Compare any two graphics cards:
Radeon HD 5450 vs Radeon HD 6450 (OEM) 1GB
IntroThe Radeon HD 5450 comes with a GPU core speed of 650 MHz, and the 512 MB of DDR3 RAM runs at 800 MHz through a 64-bit bus. It also is made up of 80(16x5) Stream Processors, 8 TAUs, and 4 ROPs.
Compare that to the Radeon HD 6450 (OEM) 1GB, which makes use of a 40 nm design. AMD has set the core speed at 750 MHz. The GDDR5 RAM works at a frequency of 900 MHz on this model. It features 160 SPUs as well as 8 TAUs and 4 Rasterization Operator Units.
Power Usage and Theoretical Benchmarks
Power Consumption (Max TDP)
Performance-wise, the Radeon HD 6450 (OEM) 1GB should theoretically be much superior to the Radeon HD 5450 in general. (explain)
Texel RateThe Radeon HD 6450 (OEM) 1GB is a small bit (approximately 15%) better at texture filtering than the Radeon HD 5450. (explain)
Pixel RateIf running with lots of anti-aliasing is important to you, then the Radeon HD 6450 (OEM) 1GB is a better choice, but it probably won't make a huge difference. (explain)
Please note that the above 'benchmarks' are all just theoretical - the results were calculated based on the card's specifications, and real-world performance may (and probably will) vary at least a bit.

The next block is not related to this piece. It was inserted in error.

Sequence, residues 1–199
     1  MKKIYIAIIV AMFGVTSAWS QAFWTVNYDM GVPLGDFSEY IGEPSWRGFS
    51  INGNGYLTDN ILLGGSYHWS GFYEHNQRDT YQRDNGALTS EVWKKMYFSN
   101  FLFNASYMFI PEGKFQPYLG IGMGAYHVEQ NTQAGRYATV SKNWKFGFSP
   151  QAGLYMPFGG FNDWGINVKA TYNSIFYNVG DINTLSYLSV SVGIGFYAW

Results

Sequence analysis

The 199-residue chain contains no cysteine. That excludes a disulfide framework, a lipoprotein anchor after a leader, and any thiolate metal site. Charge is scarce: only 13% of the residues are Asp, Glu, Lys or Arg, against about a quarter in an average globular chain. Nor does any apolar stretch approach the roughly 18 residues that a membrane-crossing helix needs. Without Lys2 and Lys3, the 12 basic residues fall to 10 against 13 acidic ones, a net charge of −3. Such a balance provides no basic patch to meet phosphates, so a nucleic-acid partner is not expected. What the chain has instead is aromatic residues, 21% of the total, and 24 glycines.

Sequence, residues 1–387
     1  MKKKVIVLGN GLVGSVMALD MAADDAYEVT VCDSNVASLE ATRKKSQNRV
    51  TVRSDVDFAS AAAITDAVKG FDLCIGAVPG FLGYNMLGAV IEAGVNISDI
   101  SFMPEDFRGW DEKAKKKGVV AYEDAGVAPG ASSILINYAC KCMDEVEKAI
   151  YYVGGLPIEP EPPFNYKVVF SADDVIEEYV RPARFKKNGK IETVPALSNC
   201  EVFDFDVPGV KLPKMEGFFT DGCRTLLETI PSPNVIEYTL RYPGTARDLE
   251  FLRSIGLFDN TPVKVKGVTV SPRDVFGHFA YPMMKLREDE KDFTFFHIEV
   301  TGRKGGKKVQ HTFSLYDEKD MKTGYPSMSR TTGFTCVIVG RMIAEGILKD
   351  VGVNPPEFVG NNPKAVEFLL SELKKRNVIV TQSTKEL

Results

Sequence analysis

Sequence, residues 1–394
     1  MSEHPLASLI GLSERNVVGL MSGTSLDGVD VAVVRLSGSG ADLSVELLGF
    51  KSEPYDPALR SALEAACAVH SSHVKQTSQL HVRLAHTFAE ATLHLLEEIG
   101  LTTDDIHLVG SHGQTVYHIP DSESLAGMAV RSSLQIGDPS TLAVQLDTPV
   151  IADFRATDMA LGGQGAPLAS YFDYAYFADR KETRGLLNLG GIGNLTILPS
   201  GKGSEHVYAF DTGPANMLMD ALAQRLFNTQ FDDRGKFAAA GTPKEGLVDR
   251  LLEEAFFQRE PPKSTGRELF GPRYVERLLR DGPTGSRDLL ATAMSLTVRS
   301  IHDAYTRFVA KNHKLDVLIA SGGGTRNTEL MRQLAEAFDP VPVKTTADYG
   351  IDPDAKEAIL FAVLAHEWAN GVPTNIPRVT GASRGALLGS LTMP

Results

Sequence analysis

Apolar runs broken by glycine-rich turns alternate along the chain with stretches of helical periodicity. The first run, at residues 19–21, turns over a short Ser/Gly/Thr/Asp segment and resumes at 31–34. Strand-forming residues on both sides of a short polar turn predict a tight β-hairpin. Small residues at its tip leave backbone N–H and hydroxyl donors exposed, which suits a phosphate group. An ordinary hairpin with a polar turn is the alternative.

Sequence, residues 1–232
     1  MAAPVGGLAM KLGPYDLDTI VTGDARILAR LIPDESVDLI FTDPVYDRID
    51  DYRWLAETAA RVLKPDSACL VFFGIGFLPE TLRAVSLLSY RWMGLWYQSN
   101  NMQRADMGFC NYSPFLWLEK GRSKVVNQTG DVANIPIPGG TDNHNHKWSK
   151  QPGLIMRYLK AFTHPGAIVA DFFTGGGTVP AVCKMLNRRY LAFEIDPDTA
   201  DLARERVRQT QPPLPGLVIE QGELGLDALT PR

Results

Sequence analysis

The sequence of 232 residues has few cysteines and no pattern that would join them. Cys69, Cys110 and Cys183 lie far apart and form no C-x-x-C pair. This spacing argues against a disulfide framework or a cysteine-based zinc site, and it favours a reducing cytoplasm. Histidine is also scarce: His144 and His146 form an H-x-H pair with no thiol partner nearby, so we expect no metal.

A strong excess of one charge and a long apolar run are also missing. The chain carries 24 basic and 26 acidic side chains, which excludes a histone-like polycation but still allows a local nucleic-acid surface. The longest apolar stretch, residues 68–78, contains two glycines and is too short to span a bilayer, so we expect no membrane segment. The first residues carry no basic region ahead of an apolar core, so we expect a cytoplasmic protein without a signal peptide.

Please note that the price comparisons are based on search keywords - sometimes it might show cards with very similar names that are not exactly the same as the one chosen in the comparison. We do try to filter out the wrong results as best we can, though.
Memory Bandwidth: Bandwidth is the maximum amount of information (measured in MB per second) that can be moved past the external memory interface in a second. It's worked out by multiplying the card's interface width by its memory clock speed. If the card has DDR RAM, it should be multiplied by 2 again. If it uses DDR5, multiply by ANOTHER 2x. The higher the card's memory bandwidth, the better the card will be in general. It especially helps with AA, High Dynamic Range and higher screen resolutions.
Texel Rate: Texel rate is the maximum number of texture map elements (texels) that are processed per second. This is calculated by multiplying the total texture units by the core clock speed of the chip. The better this number, the better the card will be at handling texture filtering (anisotropic filtering - AF). It is measured in millions of texels per second.
Pixel Rate: Pixel rate is the maximum amount of pixels the video card could possibly write to the local memory in one second - measured in millions of pixels per second. The figure is worked out by multiplying the number of Render Output Units by the the card's clock speed. ROPs (Raster Operations Pipelines - also sometimes called Render Output Units) are responsible for filling the screen with pixels (the image). The actual pixel rate is also dependant on lots of other factors, especially the memory bandwidth - the lower the bandwidth is, the lower the potential to reach the maximum fill rate.